A troubling new trend in employment law is about to bite a lot of unaware employers in the rear.
That’s because a lot of FMLA leave cases are automatically becoming ADA cases when the employee has exhausted all possible leave and is still unable to return to work.
So while you could terminate such employees under FMLA because they have no more leave coming, you can’t under ADA because now you have to engage in the interactive process to see if they can still do their old jobs with some kind of reasonable accommodation.
As a matter of fact, the Equal Employment Opportunity Commission (EEOC) has served notice it’s aggressively looking for companies that have automatic termination policies after an employee has missed specified periods of work, contending that such policies violate ADA.
“They’re going after those automatic terminations hard,” says Cheryl Stanton of the Ogletree Deakins law firm.
Assume the worst
That’s the stark warning sounded at the recent Labor & Employment-law Advanced Practices (LEAP) symposium in Las Vegas.
Your best defense, say the attorneys, is to assume that all FMLA cases, as they near the end of the legal leave period, will become ADA cases and start asking the employee, as well as their relevant healthcare professionals if appropriate, if they will be able to perform the essential parts of their jobs with or without a reasonable accommodation.
As you await answers from workers or their healthcare professionals, you have to give them three chances to remedy any deficiencies in paperwork. In the meantime, your best bet is to put them on an unpaid leave of absence, rather than terminate them.
Tiptoeing through the minefield
Other significant issues can arise as employers tiptoe through a minefield of conflicts and overlaps between FMLA and ADA:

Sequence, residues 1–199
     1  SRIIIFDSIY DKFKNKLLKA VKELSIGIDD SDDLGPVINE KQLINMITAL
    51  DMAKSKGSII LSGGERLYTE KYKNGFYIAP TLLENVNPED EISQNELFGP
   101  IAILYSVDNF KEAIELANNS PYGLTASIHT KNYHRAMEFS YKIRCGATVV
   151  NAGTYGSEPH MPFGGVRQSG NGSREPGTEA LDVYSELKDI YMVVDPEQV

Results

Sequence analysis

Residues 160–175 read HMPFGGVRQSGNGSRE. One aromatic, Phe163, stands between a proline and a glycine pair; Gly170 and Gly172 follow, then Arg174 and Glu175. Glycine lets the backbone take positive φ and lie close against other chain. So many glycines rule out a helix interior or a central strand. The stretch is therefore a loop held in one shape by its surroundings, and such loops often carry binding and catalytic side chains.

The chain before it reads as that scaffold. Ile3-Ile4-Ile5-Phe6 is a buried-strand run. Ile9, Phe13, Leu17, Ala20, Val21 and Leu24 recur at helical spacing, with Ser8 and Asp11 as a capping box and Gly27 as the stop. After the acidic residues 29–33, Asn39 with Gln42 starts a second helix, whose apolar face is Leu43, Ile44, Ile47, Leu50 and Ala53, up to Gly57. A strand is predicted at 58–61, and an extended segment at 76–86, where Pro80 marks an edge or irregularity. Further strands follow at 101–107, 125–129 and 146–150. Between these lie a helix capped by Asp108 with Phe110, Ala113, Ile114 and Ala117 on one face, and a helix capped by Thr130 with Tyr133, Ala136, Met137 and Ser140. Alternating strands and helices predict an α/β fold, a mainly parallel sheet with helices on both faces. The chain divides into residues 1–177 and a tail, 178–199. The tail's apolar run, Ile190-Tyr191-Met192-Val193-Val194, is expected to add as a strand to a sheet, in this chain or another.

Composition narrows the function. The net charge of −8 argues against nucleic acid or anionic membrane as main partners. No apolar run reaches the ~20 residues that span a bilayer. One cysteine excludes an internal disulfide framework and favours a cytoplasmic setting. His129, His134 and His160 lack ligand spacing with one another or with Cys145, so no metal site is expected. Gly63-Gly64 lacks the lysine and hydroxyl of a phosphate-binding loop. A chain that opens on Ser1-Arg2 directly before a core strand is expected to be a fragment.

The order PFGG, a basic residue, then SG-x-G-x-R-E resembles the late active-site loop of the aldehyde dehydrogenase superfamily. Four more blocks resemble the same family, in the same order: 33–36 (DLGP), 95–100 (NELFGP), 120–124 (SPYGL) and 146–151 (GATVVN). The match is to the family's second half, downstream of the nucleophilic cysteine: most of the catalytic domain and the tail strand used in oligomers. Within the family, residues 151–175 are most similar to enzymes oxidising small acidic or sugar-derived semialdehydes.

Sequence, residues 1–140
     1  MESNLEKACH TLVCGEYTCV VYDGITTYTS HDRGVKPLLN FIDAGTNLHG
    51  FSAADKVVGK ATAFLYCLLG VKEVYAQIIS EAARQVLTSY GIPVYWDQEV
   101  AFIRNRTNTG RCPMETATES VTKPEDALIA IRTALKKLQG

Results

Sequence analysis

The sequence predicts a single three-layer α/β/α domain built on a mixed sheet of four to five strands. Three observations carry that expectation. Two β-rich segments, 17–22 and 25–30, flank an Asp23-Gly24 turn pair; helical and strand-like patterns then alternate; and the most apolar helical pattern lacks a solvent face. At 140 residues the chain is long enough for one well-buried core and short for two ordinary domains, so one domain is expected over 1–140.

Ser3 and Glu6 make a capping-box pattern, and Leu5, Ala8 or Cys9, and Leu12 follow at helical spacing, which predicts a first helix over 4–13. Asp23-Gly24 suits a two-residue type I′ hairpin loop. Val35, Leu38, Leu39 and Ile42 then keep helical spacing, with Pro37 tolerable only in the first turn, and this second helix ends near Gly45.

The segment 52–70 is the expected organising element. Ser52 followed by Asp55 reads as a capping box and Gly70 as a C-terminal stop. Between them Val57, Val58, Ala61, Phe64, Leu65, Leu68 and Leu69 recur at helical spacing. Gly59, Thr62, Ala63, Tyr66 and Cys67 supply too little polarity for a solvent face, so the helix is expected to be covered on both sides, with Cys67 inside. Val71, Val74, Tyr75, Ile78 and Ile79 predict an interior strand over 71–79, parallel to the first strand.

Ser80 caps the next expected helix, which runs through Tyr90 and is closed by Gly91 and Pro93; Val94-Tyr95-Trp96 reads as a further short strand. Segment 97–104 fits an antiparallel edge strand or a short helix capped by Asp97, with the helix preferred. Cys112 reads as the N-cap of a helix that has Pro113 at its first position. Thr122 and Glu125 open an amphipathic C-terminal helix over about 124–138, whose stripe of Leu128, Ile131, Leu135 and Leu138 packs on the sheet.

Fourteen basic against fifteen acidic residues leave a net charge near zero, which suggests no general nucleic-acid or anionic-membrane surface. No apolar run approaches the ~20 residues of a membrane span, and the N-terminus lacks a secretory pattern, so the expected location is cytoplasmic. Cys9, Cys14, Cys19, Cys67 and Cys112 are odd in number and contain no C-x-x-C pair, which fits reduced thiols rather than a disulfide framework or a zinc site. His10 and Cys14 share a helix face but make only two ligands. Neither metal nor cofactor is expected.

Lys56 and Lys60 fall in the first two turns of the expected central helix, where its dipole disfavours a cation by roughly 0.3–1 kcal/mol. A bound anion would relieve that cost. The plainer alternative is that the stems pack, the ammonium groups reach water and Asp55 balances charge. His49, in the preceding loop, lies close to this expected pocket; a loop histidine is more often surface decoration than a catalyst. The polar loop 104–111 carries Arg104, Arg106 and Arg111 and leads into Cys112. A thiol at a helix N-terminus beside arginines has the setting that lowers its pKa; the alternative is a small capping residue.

- Light duty: ADA does not require the creation of light-duty assignments. Companies like to consider light duty to get people off workers’ compensation insurance rolls and save money on workers’ comp premiums. Note: If employees don’t like the light-duty assignment offered and still have FMLA leave, they can refuse the light-duty job and take FMLA instead.
- Avoid ‘stacking’: If an employee is out on workers’ comp temporary total disability, designate the time away from work as FMLA leave anyway, so they won’t be able to refuse light-duty and then take FMLA, stacking one type of leave on top of another.
- Fitness-for-duty certifications: In this area the FMLA and ADA laws differ significantly. Under FMLA you may ask for them, but under ADA they’re illegal. Under ADA you cannot insist on a medical release of the employee to “full duty” if they are able to perform the essential functions of the job with an accommodation.
- Medical exams: Any medical exam you request must be limited to the cause of the injury under workers’ comp and to the cause of the leave under FMLA. Any contacts with healthcare professionals under FMLA must be conducted by HR or an employer-designated practitioner, not by the employee’s supervisor.
- Health insurance: Under FMLA they’re entitled to it, but people out on a temporary ADA leave of absence are not – unless people out on other leaves do get it also.
- Confidentiality: ADA requires separate collection and retention of documents and confidentiality, which also applies to info collected for FMLA. Exceptions: supervisors’ need-to-know restrictions, for first aid and safety, and for government audits.
- Reinstatement: For people returning from leave, FMLA requires reinstatement to an equivalent job, but under ADA, if the cause of the leave was a disability, reinstatement to another job, even a lesser one, may be a reasonable accommodation.